Three Hotels | Performing Arts Review | Chicago Reader

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Three Hotels, Apple Tree Theatre.

It's a risk for Apple Tree to produce this moral wake-up call at a time when many theaters are pacifying their subscribers with summer fluff. Three Hotels is a powerful protest play that asks Americans to take responsibility for their bad acts and not just credit (often undeserved) for their good ones.

The risk is fully rewarded in Gary Griffin's beautifully orchestrated staging of these three monologues by Jon Robin Baitz (author of The Film Society and The Substance of Fire): a broken businessman and his disillusioned wife speak from three different hotel rooms in three different countries, chronicling the corruption and redemption of their lives. Kenneth Hoyle is an amoral marketer of baby-food formula to undeveloped countries, and Barbara is his reluctant helpmate. Baitz selects the moments when the thuggish husband, speaking to a WHO conference, and the repressed wife, addressing fellow corporate wives on how to cope with foreigners, give themselves away in order to find themselves.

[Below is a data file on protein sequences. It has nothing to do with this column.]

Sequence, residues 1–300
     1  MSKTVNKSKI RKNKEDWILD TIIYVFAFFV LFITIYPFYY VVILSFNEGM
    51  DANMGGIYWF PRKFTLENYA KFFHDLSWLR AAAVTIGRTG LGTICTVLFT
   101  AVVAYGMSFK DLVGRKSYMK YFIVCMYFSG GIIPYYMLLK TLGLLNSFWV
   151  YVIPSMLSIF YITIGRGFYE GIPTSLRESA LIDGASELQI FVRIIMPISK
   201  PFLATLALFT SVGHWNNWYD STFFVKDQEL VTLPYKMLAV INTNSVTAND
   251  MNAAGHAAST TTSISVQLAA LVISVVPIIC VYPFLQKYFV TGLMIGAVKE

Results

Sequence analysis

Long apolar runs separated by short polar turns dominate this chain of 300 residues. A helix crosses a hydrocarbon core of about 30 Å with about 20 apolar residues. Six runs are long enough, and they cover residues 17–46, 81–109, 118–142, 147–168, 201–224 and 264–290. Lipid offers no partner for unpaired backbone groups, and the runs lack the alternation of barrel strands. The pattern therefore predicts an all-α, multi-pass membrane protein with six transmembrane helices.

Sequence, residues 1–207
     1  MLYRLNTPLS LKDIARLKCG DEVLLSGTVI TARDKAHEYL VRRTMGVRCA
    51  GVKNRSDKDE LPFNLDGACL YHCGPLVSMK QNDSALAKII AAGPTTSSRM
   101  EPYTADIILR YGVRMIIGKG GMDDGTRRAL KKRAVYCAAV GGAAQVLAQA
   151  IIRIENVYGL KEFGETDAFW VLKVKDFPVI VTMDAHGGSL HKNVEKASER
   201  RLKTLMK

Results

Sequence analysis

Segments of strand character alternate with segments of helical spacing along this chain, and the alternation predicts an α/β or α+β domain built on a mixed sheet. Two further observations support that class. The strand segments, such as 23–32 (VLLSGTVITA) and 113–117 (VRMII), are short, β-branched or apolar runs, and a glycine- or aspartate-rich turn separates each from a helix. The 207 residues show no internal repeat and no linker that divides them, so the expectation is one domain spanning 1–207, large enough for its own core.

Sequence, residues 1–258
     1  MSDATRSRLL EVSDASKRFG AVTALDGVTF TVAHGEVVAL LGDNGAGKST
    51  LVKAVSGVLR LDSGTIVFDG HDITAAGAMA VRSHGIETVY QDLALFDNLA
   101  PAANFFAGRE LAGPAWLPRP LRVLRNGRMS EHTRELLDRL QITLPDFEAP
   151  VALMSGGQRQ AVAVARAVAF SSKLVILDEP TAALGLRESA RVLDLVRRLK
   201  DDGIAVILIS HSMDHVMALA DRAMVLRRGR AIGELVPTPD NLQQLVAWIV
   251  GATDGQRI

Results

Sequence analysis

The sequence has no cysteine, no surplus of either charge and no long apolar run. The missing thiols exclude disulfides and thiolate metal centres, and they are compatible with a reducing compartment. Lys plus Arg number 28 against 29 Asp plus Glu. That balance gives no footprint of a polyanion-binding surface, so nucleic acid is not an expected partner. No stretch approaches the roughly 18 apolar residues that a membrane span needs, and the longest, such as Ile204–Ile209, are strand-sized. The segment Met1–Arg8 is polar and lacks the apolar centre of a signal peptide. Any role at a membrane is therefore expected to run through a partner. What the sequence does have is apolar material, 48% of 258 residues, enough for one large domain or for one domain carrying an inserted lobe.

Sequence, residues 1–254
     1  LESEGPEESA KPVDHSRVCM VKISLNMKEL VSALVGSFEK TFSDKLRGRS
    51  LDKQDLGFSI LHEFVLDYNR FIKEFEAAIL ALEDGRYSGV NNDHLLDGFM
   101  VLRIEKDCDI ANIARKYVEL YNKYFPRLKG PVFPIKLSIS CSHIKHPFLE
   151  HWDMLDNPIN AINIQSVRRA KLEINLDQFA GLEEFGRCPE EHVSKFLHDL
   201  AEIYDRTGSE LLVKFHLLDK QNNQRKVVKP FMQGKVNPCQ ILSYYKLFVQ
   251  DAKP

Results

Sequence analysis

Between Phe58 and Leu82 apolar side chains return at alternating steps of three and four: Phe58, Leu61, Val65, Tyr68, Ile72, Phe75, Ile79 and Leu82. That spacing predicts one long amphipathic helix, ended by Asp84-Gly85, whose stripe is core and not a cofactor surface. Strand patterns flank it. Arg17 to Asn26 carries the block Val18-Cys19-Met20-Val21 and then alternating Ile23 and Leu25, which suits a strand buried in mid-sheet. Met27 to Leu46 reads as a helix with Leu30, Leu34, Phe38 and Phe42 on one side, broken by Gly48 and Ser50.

As performed by real-life husband-and-wife team David Darlow and Kristine Thatcher, Baitz's script haunts and stirs. Darlow, all but imitating a spider as Kenneth relates his delight in firing underlings, slowly (and partially) redeems his character, who strongly recalls Arthur Miller's corporate casualties. Thatcher stunningly plays Barbara's despair off against her decency. John Murbach's junkyard set, which like Louise Nevelson's work is both elaborately cluttered and elaborately organized, brilliantly symbolizes the detritus of a poor country as seen from a rich hotel.

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